Grand Forks shields riverside homes against erosion

Crews have built a modified dike along a section of the Kettle River in Johnson Flats

FILE – The Instagram app is shown on an iPhone in Toronto on Monday, March 19, 2018. THE CANADIAN PRESS/Graeme Roy
Judge acquits B.C. teen boy ‘set up’ on sex assault charge based on Instagram messages

The girl and her friends did not have ‘good intentions’ towards the accused, judge says

Kai Palkeinen recently helped a car stuck on the riverbed near the Big Eddy Bridge. While the car could not be saved, some of the driver’s belongings were. It’s common for vehicles to get stuck in the area due to significantly changing river levels from Revelstoke Dam. (Photo by Kai Palkeinen)
“I just sank a car’: Revelstoke resident tries to save vehicle from the Columbia River

Although it’s not permitted, the riverbed near the city is popular for off roading

Meng Wanzhou, chief financial officer of Huawei, walks down the street with an acquaintance after leaving B.C. Supreme Court during a lunch break at her extradition hearing, in Vancouver, B.C., Thursday, April 1, 2021. A judge is scheduled to release her decision today on a request to delay the final leg of hearings in Meng Wanzhou’s extradition case. THE CANADIAN PRESS/Rich Lam
B.C. judge grants Meng Wanzhou’s request to delay extradition hearings

Lawyers for Canada’s attorney general had argued there is no justification to delay proceedings in the case

B.C. Premier John Horgan announces travel restrictions between the province’s regional health authorities at the legislature, April 19, 2021. (B.C. government photo)
B.C. sees 862 more COVID-19 cases Wednesday, seven deaths

Recreational travel restrictions set to begin Friday

B.C. Finance Minister Selina Robinson is photographed following her budget speech in the legislative assembly at the provincial legislature in Victoria, Tuesday, April 20, 2021. THE CANADIAN PRESS/Chad Hipolito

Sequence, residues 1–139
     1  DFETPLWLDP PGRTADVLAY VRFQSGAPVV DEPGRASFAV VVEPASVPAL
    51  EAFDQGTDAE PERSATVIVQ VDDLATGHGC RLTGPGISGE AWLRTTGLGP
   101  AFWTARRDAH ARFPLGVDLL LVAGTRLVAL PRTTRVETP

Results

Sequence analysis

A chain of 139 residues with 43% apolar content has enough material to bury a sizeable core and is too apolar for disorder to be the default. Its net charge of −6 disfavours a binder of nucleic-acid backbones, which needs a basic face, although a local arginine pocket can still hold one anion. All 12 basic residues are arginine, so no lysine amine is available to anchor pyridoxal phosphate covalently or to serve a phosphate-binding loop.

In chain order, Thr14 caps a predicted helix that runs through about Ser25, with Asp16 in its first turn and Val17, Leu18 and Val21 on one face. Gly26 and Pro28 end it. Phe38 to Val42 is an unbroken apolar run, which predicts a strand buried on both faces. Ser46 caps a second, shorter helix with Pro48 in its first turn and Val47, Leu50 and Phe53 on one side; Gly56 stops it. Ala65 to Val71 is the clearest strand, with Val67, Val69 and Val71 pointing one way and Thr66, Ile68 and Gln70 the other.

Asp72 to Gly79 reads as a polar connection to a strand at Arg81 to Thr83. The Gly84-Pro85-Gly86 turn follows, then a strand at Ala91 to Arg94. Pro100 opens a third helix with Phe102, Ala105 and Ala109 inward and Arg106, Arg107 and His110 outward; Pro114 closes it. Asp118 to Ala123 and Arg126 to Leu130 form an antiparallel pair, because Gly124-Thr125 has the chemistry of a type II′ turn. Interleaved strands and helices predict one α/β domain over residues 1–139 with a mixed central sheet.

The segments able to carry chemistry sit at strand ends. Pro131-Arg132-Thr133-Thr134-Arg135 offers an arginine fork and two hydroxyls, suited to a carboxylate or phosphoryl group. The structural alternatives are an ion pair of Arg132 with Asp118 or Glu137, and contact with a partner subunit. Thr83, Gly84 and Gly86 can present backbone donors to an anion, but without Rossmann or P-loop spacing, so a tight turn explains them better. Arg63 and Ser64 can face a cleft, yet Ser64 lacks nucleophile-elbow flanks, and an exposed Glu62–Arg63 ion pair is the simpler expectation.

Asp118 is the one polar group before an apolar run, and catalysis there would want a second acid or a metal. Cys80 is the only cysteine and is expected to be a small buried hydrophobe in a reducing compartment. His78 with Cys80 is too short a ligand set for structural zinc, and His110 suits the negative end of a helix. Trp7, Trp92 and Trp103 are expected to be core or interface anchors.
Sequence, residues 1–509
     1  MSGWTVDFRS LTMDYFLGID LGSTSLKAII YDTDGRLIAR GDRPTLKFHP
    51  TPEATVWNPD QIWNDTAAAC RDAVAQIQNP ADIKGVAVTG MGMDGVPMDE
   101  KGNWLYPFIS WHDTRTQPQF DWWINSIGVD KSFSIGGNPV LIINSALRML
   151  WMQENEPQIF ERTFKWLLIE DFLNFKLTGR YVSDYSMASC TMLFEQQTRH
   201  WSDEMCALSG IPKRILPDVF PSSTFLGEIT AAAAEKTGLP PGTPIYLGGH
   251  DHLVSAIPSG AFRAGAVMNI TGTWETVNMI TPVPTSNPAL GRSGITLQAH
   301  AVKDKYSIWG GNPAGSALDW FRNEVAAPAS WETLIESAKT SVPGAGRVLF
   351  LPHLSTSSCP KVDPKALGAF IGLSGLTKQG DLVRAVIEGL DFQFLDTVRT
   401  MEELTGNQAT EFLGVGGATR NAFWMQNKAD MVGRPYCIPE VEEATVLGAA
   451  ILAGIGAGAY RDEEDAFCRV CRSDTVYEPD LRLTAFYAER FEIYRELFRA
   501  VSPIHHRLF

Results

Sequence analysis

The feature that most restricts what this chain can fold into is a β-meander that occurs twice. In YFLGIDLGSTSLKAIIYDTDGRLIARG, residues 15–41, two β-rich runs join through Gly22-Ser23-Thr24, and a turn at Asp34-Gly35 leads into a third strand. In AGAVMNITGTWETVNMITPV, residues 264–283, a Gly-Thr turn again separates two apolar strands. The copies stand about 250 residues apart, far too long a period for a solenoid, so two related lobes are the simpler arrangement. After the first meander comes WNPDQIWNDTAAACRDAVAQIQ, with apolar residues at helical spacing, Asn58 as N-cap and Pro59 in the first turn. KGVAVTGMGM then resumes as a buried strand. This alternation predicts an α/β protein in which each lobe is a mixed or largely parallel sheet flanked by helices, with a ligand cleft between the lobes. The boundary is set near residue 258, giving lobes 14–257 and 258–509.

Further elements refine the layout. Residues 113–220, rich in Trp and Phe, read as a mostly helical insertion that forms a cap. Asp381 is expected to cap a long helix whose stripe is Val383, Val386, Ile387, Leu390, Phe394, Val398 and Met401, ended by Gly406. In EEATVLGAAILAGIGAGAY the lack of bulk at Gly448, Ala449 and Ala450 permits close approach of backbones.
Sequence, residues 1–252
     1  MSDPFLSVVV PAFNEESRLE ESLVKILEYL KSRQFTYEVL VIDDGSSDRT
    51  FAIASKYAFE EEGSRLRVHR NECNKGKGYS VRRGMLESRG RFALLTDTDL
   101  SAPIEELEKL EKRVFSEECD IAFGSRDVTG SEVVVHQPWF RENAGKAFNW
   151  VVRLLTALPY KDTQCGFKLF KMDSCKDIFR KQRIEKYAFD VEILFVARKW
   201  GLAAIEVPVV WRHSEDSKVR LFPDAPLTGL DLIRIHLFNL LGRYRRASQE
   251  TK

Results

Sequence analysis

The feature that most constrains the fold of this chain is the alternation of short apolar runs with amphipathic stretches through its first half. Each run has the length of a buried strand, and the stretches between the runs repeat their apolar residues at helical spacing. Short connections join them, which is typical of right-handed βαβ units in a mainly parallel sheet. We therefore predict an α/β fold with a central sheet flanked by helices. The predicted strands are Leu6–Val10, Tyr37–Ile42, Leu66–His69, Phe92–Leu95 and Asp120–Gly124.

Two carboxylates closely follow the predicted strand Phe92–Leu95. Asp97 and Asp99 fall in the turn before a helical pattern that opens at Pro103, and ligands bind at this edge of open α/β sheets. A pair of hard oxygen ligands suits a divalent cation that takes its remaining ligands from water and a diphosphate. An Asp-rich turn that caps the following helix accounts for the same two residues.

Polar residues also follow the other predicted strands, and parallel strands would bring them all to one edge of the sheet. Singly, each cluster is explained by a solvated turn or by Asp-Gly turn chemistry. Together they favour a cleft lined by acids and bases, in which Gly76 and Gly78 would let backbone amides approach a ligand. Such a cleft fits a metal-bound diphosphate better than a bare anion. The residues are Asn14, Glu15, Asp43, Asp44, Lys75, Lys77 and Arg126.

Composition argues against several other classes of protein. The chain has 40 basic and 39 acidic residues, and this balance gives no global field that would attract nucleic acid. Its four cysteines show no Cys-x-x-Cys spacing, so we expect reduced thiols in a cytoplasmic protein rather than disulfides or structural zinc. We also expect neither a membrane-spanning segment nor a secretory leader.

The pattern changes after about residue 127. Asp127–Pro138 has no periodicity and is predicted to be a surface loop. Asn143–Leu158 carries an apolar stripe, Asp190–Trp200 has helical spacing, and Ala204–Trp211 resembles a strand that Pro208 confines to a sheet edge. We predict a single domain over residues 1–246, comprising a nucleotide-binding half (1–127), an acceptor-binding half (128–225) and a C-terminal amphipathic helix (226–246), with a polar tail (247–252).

B.C. budget lacks innovative drive, vision during uncertain times, say experts

Finance Minister Selina Robinson’s budget sets out to spend $8.7 billion over three years on infrastructure

Using panels kept cold by water circulating within them, B.C. researchers compared thermal comfort in 60 of the world’s most populous cities, including Toronto. (Lea Ruefenacht)
B.C. researchers use air conditioning to combat spread of COVID particles

Dr. Adam Rysanek and his team have proven a new worthwhile system – a mixture of cooling panels and natural ventilation

Police road checks are coming for people travelling between regions while COVID-19 travel restrictions are in place. (Black Press file photo)
B.C. clarifies COVID-19 travel restrictions, Lower Mainland a single zone

Vehicle checks on highways, at ferry terminals to start Friday

Canadian driver Paul Tracy pulls out of the pits during the morning session at the Molson Indy in Vancouver, B.C., Saturday, July 26, 2003 (CP/Richard Lam)
Vancouver is considering hosting a Formula E race using electric cars

The race would be part of a three-day event focused on climate and sustainability

Most Read